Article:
81% of Dollar Store Products Contain Chemicals Linked to Learning Disabilities-Misleading!
Summary of eRumor:
A study has found that 81 percent of dollar store products contain unsafe levels of chemicals linked to learning disabilities.
Misleading reports that 81 percent of dollar store products contain excessive levels of chemicals linked to learning disabilities are based on a largely misinterpreted 2015 study.
The study, “A Day Late and a Dollar Short,” was led by the Campaign for Healthier Solutions. Organized as a consortium of groups advocating for chemical policy reform, the group tested hundreds of dollar store products.
We can’t report on the accuracy of the group’s chemical testing, or the accuracy of its findings. But we can confirm that the study’s findings have been misrepresented to forge a false narrative that all dollar store products are unsafe for children.
81% of Dollar Store Products Chemical Claims: Mixing and Matching Standards
The U.S. Consumer Product Safety Commission (CPSC) sets minimum mandatory safety standards for varying consumer products. Toys and children’s products are subject to the CSPC “toy safety standard.” There are different safety standards for other products.
The Campaign for a Healthier Solutions study subjected non-toy products to the more stringent “toy safety standard.” The reasoning, according to the report, was that children often come into contact with products not intended for children:
…Although most of the products tested would not be considered as “children’s products” under CPSC regulations, the CPSC standard serves as an important benchmark because these products could still expose children to the toxic phthalates in homes, schools, or vehicles.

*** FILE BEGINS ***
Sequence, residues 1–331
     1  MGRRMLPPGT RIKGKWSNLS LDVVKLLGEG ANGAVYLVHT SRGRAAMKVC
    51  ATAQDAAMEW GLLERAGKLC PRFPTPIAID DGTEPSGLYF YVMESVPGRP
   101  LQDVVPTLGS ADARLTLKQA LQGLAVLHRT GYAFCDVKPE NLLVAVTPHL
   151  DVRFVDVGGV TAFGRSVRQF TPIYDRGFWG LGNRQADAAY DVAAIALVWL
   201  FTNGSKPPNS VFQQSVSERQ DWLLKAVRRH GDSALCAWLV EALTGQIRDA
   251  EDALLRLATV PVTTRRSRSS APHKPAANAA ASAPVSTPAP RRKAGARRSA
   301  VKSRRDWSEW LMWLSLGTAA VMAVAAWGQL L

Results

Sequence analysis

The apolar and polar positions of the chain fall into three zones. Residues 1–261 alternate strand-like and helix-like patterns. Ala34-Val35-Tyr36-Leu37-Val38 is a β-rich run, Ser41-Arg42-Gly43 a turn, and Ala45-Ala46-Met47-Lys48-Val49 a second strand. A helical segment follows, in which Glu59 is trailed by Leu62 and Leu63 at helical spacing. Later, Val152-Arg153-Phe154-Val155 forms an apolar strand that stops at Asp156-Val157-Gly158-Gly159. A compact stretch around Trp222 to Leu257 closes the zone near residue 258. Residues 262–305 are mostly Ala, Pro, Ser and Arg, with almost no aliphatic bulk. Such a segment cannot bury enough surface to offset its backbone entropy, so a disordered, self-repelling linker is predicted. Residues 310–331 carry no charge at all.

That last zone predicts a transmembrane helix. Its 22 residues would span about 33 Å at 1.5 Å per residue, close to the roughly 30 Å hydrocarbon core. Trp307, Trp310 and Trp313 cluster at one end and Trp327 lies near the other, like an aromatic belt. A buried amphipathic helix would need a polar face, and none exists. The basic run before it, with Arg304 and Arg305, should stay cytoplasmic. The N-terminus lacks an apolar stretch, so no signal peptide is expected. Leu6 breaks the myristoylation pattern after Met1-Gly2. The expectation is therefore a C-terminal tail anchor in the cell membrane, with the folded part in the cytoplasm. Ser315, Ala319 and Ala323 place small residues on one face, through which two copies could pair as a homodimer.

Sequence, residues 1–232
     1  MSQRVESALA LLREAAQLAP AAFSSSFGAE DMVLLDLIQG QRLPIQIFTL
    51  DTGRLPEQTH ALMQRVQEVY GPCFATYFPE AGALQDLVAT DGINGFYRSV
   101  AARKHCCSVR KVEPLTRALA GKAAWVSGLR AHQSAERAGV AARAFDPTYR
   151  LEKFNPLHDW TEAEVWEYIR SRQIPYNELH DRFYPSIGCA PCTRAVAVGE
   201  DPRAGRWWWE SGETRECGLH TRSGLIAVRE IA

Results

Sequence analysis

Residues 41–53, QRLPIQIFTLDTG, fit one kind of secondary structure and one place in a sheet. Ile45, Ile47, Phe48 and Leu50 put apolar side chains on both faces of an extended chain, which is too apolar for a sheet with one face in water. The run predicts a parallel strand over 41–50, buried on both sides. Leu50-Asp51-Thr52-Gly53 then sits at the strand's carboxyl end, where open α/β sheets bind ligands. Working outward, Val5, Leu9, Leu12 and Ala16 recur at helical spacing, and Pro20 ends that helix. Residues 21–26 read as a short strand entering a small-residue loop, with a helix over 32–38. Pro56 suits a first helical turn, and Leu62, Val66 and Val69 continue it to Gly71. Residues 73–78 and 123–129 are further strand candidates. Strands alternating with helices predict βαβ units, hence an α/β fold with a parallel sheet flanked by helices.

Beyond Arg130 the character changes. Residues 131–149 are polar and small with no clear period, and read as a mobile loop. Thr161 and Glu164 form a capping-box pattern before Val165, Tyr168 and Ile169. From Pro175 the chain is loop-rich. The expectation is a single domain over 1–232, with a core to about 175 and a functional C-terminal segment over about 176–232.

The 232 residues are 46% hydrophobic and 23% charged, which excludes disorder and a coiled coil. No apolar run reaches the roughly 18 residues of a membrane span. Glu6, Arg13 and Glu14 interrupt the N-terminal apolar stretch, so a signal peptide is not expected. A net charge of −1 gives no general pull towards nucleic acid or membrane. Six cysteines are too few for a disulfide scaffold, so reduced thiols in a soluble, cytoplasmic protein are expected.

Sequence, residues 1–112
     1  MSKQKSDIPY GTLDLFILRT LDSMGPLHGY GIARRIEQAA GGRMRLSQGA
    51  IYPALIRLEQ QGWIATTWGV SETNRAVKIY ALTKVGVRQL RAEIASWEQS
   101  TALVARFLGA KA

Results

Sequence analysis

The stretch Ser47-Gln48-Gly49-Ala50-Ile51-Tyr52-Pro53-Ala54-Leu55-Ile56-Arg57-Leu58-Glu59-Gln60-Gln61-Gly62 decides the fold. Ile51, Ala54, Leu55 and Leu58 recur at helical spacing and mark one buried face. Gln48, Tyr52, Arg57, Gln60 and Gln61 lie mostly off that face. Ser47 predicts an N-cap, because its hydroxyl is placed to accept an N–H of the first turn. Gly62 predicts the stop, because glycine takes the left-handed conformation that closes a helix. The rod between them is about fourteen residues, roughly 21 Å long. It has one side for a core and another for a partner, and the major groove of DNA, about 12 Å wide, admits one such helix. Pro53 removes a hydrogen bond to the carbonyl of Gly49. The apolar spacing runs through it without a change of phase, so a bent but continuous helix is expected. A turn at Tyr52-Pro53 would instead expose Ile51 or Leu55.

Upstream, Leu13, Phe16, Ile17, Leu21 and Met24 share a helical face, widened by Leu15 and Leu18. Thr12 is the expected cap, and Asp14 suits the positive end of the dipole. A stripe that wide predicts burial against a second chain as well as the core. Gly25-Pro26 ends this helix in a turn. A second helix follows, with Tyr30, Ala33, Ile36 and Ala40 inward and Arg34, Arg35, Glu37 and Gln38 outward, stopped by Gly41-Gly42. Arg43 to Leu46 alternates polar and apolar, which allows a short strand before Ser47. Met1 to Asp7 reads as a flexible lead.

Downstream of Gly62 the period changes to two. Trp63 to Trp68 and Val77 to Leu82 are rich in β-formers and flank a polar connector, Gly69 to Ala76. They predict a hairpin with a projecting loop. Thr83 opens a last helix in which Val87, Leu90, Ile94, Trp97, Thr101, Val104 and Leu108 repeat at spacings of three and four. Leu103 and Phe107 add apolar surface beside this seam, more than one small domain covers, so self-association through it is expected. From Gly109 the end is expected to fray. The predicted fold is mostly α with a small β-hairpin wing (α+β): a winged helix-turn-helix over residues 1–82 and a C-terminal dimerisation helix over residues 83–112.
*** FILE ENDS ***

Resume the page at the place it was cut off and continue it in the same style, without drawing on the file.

And the study goes a step further. It didn’t’ merely compare non-children’s products to the minimum toy safety standard. It compared non-toy products to the voluntary toy safety standard — which is even broader:
…We found that 81% of the dollar store products tested (133 of 164) contained at least one hazardous chemical above levels of concern compared to existing voluntary toy standards and mandatory toy packaging and electronics standards.
CSPC voluntary safety standards ensure that manufacturers take into account standards that might be relevant to their products. A company designing a corded phone, for example, might look to the toy safety standard for useful guidance. Although not a mandatory requirement, the manufacturer could voluntarily use the toy safety standard to determine a safe cord length.
The group’s rationale for using the broader standard is that the minimum toy safety standard doesn’t provide enough protection. That may or may not be true — but it’s led to confusion about what, exactly, the tests reveal about dollar store products.
Are Dollar Store Products Safe? Bringing it All Together
There are a range of chemicals know to cause learning disabilities in children. And our determination that this rumor is “misleading” reflects reporting about the 2015 — not findings of the 2015 study itself.
The issue is that various online publications have falsely or misleadingly reported that 81 percent of all products sold at dollar store contain unsafe levels of chemicals linked to learning disabilities. In reality, the study found that a large percentage of non-children’s products failed to meet voluntary toy safety standards.
CSPC has not said that these products are unsafe, or that they should meet that standard.